Bancruptcy is the most common misspelling for bankruptcy. Regardless of how it’s spelled, the word is associated with financial devastation. While many people believe filing personal bankruptcy will end financial woes, nothing could be further from the truth.
Filing bancruptcy today is not as easy as it used to be. In 2005, Congress enacted the Bankruptcy Abuse Prevention and Consumer Protection Act. BAPCPA includes new provisions which require debtors to undergo the ‘means’ test to determine how much of their outstanding debts must be repaid.
Most debtors are required to file personal bankruptcy under Chapter 13. Payment plans can extend for two or more years which can cause serious financial constraints. Not only must debtors submit regular payments to the U.S. Trustee, they are prohibited from incurring new debts while the Chapter 13 payment plan is in place.
When debtors are incapable of adhering to their payment plan, one of two things can occur. Bankruptcy lawyers can petition the court to obtain Chapter 7 bankruptcy for their client or creditors can petition the court seeking dismissal of the bankruptcy petition.
Chapter 7 is known as liquidation bankruptcy because debtors are required to liquidate assets to pay outstanding debts. Property is typically turned over to the bankruptcy Trustee who either returns property secured by a loan or sells property through liquidation auctions. Funds obtained through the sale are used to pay off outstanding debts and remaining balances are written off. When creditors submit petitions for bankruptcy dismissal, debtors fail out of bankruptcy and lose court protection.
It is estimated that 2 out of 3 debtors fail out of bankruptcy. It is crucial to develop a reasonable Chapter 13 payment plan that offers a bit of wiggle room if unexpected expenses arise. It is also crucial to develop a household budget and stick to it no matter what. Failing out of bankruptcy leaves debtors owing their entire debt-load and can easily result in repossession of assets, wage garnishment, or real estate foreclosure.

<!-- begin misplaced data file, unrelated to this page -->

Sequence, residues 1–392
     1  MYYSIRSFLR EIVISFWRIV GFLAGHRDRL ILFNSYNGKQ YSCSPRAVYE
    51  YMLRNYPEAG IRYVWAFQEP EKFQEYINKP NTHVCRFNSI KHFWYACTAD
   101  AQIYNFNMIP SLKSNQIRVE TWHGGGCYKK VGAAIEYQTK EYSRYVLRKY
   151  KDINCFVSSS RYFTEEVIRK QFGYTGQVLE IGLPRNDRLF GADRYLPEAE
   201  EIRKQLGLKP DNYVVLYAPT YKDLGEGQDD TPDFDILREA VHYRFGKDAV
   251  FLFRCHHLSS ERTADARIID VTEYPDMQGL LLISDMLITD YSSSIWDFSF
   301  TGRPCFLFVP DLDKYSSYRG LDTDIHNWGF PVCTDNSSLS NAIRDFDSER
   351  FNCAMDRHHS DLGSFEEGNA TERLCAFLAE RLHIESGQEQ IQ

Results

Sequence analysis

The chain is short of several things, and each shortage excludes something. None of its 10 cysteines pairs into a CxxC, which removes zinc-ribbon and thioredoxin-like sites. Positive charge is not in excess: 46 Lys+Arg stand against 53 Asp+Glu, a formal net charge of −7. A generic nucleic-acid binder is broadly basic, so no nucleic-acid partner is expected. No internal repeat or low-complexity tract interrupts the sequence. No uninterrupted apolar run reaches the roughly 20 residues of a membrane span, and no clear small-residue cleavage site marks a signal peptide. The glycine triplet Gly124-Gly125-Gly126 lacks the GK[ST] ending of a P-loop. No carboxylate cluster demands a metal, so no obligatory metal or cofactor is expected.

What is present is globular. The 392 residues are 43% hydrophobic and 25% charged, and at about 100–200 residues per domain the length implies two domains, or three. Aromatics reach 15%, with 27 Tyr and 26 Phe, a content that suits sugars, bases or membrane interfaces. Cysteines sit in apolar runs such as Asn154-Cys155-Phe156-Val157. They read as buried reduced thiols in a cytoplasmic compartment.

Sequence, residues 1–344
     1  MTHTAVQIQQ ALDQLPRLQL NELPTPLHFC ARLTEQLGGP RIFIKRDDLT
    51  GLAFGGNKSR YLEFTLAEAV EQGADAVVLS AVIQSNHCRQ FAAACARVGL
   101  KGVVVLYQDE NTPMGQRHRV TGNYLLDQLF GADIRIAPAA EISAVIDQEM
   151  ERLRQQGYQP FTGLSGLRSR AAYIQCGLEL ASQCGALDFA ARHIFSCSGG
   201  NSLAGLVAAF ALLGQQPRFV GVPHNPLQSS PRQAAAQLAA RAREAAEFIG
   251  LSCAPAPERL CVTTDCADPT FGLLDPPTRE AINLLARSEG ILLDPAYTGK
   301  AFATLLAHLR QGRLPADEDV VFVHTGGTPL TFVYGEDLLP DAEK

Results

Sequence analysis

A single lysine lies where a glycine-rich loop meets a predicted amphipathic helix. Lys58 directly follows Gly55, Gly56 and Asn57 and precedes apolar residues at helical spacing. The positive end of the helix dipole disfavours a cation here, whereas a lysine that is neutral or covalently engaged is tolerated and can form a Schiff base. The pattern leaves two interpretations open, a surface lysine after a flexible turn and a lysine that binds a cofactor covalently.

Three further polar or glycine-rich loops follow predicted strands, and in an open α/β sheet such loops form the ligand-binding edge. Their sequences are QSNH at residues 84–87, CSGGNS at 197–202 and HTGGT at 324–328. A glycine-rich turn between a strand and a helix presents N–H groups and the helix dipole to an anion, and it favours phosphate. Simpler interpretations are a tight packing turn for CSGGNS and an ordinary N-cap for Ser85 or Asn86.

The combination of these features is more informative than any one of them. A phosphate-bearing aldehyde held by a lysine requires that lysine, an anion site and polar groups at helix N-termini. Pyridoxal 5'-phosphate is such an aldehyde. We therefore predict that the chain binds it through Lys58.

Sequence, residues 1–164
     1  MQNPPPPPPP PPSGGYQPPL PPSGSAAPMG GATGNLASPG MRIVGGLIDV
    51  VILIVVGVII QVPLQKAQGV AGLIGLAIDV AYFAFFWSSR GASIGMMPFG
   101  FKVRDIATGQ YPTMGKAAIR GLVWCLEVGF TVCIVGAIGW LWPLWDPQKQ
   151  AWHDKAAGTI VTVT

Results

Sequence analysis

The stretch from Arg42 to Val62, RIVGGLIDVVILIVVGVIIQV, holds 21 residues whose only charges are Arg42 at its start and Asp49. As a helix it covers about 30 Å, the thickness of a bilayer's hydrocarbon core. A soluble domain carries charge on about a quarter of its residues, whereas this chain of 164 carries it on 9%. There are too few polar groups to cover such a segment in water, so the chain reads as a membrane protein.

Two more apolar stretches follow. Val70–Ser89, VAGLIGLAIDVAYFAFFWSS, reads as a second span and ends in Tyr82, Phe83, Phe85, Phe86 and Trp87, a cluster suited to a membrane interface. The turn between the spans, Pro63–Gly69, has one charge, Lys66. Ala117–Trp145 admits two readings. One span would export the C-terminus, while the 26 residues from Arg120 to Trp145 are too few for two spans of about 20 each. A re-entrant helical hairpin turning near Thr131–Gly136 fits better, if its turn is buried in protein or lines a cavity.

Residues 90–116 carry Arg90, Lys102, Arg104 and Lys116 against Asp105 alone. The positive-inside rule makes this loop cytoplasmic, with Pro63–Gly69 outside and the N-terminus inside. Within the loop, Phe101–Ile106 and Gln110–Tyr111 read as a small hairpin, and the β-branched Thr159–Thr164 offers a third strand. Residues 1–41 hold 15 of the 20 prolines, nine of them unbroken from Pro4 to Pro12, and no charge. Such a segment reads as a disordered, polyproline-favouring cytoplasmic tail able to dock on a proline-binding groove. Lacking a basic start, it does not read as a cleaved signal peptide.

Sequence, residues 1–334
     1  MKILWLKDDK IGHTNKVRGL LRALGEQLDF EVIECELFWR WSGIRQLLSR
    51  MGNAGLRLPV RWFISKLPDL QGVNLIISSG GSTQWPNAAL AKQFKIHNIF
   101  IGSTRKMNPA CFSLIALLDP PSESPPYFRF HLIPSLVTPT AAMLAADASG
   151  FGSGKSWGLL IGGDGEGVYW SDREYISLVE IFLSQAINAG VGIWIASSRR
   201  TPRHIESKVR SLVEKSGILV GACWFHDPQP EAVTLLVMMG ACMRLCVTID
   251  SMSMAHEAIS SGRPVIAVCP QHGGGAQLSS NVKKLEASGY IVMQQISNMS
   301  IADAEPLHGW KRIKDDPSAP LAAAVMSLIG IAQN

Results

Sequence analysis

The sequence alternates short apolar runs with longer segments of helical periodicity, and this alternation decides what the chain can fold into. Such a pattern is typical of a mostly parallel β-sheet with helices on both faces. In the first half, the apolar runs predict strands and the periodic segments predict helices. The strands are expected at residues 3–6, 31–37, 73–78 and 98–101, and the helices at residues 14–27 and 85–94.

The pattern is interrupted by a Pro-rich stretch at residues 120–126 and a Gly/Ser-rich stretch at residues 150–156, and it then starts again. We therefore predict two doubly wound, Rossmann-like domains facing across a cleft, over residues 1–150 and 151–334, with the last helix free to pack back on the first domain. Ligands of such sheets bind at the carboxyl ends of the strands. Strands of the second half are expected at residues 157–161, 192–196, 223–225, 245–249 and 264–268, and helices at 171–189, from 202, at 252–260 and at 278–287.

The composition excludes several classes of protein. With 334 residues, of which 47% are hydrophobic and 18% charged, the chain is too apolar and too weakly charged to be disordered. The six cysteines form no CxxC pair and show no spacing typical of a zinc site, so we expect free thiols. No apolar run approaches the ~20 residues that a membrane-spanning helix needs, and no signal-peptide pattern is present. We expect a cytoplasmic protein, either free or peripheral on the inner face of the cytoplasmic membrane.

Prior to obtaining bancruptcy approval, debtors must obtain credit counseling through a U.S. Trustee approved agency. Debtors are allowed to enter into credit counseling 180 days prior to submitting their bankruptcy petition. Depending on the level of outstanding debt, credit counseling may eliminate the need for filing personal bankruptcy.
Debtors may want to obtain credit counseling through one of the approved agencies before submitting their bankruptcy petition. If credit counseling does not eliminate the necessity of bankruptcy, debtors will have met BAPCPA requirements and will not have to undergo credit counseling a second time.
Debtors should research bankruptcy alternatives such as budgeting, credit counseling, debt consolidation, and debt settlement. These alternatives may provide the same results as bankruptcy without the devastation to credit scores.
Bankruptcy remains on credit reports for 7 to 10 years and can cause a substantial reduction to FICO scores. Reduced credit scores can place debtors in a lower credit bracket, which can prohibit them from qualifying for any type of credit for years to come. Those fortunate enough to obtain credit will generally pay higher rates of interest and have limited lines of credit.
If bancrupty is the only option, debtors must work with a qualified bankruptcy lawyer to ensure they comply with BAPCPA regulations.